Gordon Brown Branded A Bully By New Book

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LONDON — On Sunday the British public was introduced to what one political journalist has painted as the dark face of the country's prime minister: An angry and abusive man whose rages were so intense the country's top bureaucrat had to intervene to comfort his distressed staff.

The description, carried in book "The End of the Party," by The Observer journalist Andrew Rawnsley, is vigorously contested by Prime Minister Gordon Brown and his lieutenants – who say that, while the prime minister does get angry, he's not a bully.

Rawnsley's book and its contents, extracts of which were published in an eight-page spread in The Observer, dominated Britain's media Sunday. And Brown faced further embarrassment when the head of a British anti-bullying charity claimed that staff at his No. 10 Downing Street office had contacted her group complaining about the workplace atmosphere.

In one passage, Rawnsley's book describes Brown as furious when a journalist identified similarities between an address he gave at Labour's 2007 conference and speeches given by Al Gore and Bill Clinton. Bob Shrum, who worked for both before taking on a job as speech writer for Brown, was left shaking by an expletive-laden outburst from the prime minister, according to Rawnsley.

In another passages, the book describes Brown yanking a secretary from her chair when she typed too slowly, and says he flew into rages so regularly that a nearby chair was dotted with marks from where he stabbed it with a pen.

At one point, the book said, Cabinet Secretary Gus O'Donnell had to intervene to calm the situation down.

"Rage, despair and indecision. Inside Gordon Brown's Number 10," The Observer's headline read. The Independent on Sunday, carrying an interview with Brown, summarized the prime minister's thoughts on the book in four big black letters: "LIES!"

Speaking to the Independent, Brown seemed particularly upset at rumors that the published extracts would carry allegations that he hit members of staff. They didn't, although there were references to alleged incidents in which the prime minister grabbed an aide by the lapels or manhandled a senior adviser.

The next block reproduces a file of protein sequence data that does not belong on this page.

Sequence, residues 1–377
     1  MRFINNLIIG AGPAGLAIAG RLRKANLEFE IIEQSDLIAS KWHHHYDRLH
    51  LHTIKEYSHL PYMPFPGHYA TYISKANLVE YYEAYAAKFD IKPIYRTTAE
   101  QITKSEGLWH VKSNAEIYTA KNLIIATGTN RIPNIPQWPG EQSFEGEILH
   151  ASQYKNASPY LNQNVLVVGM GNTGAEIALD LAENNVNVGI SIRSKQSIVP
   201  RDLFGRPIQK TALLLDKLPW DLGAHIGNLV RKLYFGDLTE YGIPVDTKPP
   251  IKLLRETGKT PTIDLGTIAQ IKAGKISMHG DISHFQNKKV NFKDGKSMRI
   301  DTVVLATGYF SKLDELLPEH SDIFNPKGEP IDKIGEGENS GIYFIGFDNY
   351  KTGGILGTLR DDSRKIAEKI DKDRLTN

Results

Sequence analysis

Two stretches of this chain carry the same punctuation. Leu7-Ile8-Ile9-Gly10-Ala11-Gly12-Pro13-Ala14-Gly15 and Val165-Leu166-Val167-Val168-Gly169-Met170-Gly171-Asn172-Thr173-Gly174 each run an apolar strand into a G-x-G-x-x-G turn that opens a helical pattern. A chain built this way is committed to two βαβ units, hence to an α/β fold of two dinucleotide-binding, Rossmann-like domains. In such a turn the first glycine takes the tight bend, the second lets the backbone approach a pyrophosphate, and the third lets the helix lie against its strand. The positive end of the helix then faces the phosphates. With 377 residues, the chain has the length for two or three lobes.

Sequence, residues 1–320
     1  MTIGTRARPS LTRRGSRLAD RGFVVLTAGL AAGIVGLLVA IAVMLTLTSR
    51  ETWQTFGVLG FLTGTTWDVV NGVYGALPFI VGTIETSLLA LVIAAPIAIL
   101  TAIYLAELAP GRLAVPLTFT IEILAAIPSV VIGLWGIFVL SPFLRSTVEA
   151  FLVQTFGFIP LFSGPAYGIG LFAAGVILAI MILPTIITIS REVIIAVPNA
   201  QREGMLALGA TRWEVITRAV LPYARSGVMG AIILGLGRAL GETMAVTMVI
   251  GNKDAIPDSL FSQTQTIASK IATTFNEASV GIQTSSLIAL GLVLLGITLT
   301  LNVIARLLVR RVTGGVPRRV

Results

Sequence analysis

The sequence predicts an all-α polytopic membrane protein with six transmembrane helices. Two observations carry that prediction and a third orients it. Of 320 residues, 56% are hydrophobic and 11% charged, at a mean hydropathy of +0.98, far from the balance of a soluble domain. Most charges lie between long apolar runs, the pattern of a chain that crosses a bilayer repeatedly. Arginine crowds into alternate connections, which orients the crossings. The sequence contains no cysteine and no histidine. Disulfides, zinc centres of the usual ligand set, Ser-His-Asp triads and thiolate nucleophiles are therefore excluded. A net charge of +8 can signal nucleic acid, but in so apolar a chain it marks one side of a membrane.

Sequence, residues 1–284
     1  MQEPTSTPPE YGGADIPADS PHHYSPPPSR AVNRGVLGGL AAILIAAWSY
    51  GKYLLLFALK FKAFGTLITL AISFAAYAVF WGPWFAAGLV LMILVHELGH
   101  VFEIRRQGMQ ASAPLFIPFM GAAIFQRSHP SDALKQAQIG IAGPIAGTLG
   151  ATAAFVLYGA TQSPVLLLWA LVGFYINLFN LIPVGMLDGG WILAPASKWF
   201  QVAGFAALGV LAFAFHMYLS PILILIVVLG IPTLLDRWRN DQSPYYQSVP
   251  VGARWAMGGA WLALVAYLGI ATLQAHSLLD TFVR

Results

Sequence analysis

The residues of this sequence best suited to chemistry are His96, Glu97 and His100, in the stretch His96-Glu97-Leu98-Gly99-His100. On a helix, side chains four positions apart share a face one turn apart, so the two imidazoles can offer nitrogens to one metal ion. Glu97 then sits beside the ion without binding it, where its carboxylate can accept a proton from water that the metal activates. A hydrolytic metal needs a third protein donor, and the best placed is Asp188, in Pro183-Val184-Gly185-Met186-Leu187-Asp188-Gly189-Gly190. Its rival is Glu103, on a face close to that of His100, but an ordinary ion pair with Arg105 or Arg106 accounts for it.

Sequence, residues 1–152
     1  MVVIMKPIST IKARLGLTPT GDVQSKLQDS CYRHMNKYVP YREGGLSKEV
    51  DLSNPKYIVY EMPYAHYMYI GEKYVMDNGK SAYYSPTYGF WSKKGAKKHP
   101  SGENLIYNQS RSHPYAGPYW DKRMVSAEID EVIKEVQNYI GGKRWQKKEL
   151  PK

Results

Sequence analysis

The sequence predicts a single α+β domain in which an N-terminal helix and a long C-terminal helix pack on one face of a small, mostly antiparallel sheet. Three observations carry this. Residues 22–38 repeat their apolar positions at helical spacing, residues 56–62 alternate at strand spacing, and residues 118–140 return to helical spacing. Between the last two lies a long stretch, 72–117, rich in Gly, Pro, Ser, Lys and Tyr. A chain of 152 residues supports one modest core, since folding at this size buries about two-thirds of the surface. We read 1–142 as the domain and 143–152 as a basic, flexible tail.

"It is simply a lie to say I've hit anybody in my life," Brown told the paper. "I may have done one or two good tackles at rugby but this so-called inside account is just ludicrous."

The excerpts' publication comes as Britain's looming general election is getting closer, tighter and more personal.

Brown's party still trails in the polls, although a few recent ones show the race between him and his Conservative Party challenger, David Cameron, tightening. Some surveys have suggested that, while Labour was likely to fall short of a parliamentary majority, it could still cling to power after the election, which must be held by June 3.

On the morning talk shows, Brown loyalists were out doing damage control.

"These things that have been put in the book are wrong and have been denied," Brown's Labour Party deputy Harriet Harman told Sky News television. She agreed that Brown could be tough – "Nobody said he was a shrinking violet," she said – but she added that "that's a good thing, not a bad thing."

Acknowledging that Brown's temper had long been the subject of media speculation, Business Secretary Peter Mandelson sought to cast Brown as passionate rather than petulant.

The prime minister "gets angry, but chiefly with himself" Mandelson told the BBC, adding that the book didn't present a picture of Brown which he recognized.

But their defense of Brown was criticized by British National Bullying Helpline chief Christine Pratt, who said she'd "seen red" when ministers took to the television screens to defend their boss.

"I have personally taken a call from staff in the prime minister's office, staff who believe they are working in a bullying culture and that it has caused them some stress," she said.

"I am not saying Gordon Brown is a bully, I am not a judge. But I am appalled at the outright denial that is going on without due process being followed."

It wasn't clear from Pratt's comments precisely who she was talking about. A Downing Street spokesman said he had "no comment to offer at this stage."

Rawnsley also defended his work, saying it was based on thousands of interviews with hundreds of people both inside and out of government over the years. It follows the ups and downs of Brown's governing Labour Party, but the most talked about passages – many of which are sourced anonymously – deal with Brown's allegedly explosive rages.

The discomfiting take on Brown's personality comes at time when the prime minister has sought to humanize his distant and often dour image. A recent interview with Britain's ITV showed the prime minister in an unusually emotional discussion about the death of his newborn daughter in 2002.

In the interview, which was seen by more than 4 million people, Brown also described his proposal to his wife Sarah, discussed his love life as a younger man and spoke in unusually frank terms about his clashes with his predecessor, Tony Blair.

In an editorial piece in The Observer, Rawnsley defended his focus on Brown's character, referring to the ITV interview as an example when the prime minister had consciously sought to project his personality "in a way that might make it more appealing to voters."

That, he said, was the "Good Brown," adding that there was also a "Bad Brown" lurking behind the scenes.

"The public deserves to be fully acquainted with both," he said.

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